I got a big kick out of Xander "Bling-Bling" Harris, everyone's favourite new contracting action-figure who comes complete with spiffy suit and the Xander Dream Car. It doesn't look like Buffy will have to flip burgers anymore now that Big Poppa's bank account has swelled to match his ass. Mochas for everyone! But how exactly did he score the contract for the new high school when, from what I've seen, he and his crew have never taken a job past the point of bare frames and big holes in the ground? Sorry, suspending disbelief.

What the hell was Anya wearing last night?!? Is she a vengeance demon or the new schoolmarm in Sleepy Hollow? Never mind Hallie's advice that she needs to step up her demonic dealings, the first priority has to be the look. I didn't wait patiently all summer only to run smack into this wall of pronounced prudishness separating me from the Anya I've come to know and love.

The scenes in school were great, and they demonstrated the show's excellent balance of comedy and horror. Something that both Stanley Kubrick and David Lynch are known for is taking a clean, bright, safe, familiar location and inserting something dark and ugly, often in such a seamless way that it causes you to wonder if you're even in the place you thought you were. Last night featured some great jump n' gasp moments, with the basement ickies appearing suddenly and shaking things up (the chap who borrowed Dawn's pencil then "returned it" was the best example of this). I like the new Principal (but did he really introduce himself as Robin Wood?!?), and with Mr.Trick and Riley's Initiative buddy gone, it's nice to see that there's still at least one African American in Sunnydale.

If Dawn's going to be attending Sunnydale High and facing all of its darkness, she's going to need some trustworthy accomplices just like her big (but shorter) sister had. Enter the Scrappies (excellently nicknamed by the online faithful once spoilers for this season started to leak out). We didn't see much in the way of characterization for either of Dawn's new friends (2 or 3 lines each), but if they're going to be hanging around (and it seems like they are), I trust that we'll be getting into their heads and home lives and by the end of the season they'll be fully fleshed out additions to the Buffy mythology (and hopefully not dead). I have to take issue with what I saw in the way of "acting" from the male (I'm drawing a complete blank on his name, but they only said it once) friend. Stiff and unbelievable. We're supposed to like this kid? Better get him an acting coach, and fast. But Kit seems cool, even if only because A) She's CUTE, and B) Who doesn't love the name Kit?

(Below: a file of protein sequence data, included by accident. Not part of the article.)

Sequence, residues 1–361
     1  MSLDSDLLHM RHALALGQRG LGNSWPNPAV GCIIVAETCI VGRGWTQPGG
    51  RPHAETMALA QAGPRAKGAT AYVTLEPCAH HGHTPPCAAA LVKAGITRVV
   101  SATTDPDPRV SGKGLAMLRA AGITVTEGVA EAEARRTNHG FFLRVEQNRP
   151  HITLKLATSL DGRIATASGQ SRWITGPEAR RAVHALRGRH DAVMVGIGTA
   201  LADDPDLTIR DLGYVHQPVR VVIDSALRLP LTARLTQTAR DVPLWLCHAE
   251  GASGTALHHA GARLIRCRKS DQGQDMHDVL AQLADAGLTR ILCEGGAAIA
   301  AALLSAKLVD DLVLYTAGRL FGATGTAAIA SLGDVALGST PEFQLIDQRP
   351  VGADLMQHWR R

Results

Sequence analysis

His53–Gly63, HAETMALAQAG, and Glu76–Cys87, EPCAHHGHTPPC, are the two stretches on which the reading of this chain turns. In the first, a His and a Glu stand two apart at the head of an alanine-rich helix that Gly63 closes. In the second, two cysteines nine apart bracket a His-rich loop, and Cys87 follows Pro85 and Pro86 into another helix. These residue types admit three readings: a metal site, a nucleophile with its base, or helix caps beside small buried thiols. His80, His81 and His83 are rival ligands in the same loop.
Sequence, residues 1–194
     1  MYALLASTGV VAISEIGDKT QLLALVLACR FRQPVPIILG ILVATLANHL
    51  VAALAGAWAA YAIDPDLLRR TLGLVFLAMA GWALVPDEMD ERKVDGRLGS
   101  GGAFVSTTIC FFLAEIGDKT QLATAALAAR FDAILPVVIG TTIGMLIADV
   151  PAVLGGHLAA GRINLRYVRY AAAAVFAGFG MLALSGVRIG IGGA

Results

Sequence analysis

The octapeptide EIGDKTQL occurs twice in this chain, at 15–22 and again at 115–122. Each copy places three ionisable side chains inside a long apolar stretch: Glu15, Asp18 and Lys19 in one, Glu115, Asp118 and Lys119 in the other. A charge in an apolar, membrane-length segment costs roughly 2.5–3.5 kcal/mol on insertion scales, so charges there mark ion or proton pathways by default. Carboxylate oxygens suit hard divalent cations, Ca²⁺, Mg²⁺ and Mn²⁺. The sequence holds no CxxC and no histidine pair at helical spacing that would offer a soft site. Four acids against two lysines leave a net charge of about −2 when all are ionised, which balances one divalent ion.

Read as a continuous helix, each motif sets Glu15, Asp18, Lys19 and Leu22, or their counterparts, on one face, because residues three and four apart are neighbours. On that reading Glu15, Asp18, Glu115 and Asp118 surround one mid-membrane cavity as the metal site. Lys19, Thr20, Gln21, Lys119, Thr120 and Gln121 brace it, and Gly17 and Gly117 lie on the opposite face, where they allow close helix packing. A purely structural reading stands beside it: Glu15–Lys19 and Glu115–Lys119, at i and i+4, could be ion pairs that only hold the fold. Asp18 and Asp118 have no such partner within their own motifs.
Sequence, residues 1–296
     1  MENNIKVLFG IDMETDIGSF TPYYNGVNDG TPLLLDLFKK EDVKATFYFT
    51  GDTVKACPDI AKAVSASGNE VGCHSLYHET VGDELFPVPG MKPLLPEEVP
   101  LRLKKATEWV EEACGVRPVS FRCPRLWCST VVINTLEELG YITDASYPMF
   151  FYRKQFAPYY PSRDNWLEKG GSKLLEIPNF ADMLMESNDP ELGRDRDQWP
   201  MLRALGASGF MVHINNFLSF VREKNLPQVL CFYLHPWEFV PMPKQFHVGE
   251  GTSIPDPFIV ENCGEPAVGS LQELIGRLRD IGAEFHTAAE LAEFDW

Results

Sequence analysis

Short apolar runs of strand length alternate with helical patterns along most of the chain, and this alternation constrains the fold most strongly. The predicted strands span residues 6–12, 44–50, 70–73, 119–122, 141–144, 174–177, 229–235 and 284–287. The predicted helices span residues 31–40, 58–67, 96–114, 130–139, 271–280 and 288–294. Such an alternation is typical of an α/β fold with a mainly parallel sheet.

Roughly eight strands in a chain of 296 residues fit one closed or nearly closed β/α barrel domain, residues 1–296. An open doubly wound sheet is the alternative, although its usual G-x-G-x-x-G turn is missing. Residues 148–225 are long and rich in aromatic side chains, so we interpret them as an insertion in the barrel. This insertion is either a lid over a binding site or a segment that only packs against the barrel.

As Buffy said in Once More With Feeling, "Dawn's in trouble. Must be Tuesday." But now our Jimmy Olsen has a signal watch, and it wasn't long before Buffy was down in the basement, kicking some ghost ass and impressing Dawn's new friends. All seemed great, until she opened that door and ran smack into…

Justin Timberlake. Spike! Love the curls and the highlights, brother, and it's nice to see you're spouting poetry again, even if it's decidedly more surreal than the stuff you wrote in your pre-vamp days. For an episode full of creepy surprises, it was great to be hit with the first really meaty "A-HA!" moment of the night. Knowing what we now know about Spike, it'll be just like Joss & Marti to keep showing him to us in torturously short doses as our minds race over the myriad possibilities. Poor guy. But at least he's got lots of company down there, in the form of a walking slide show of Drusilla and the show's Big Bad Hall of Fame, turning eventually into Spike's most recent villain. I've heard various theories on who or what Spike was being tormented by in this scene. Popular theory is that it was just a delusional symptom of his current state of kookiness, but I think we were seeing some manifestation of the evil that both Willow and Halfrek described last night. Something big and dark and terrible rising and, judging by the faces it showed Spike in the basement, it's coming for Buffy. THAT's why this first episode of the season was so good. It moved well, it established some new characters and angles, it had a lot of laughs, and it's already laid the groundwork for some ominous plot yet to be explored.

That's it for now, but before I sign off I wanted to say thanks to all the people who've written with kind and encouraging words since Slayage started posting the reviews from last season. It's been good to hear from everyone, and it's had me twice as excited to jump in and start writing again.

Until next time, take care everybody.

Ron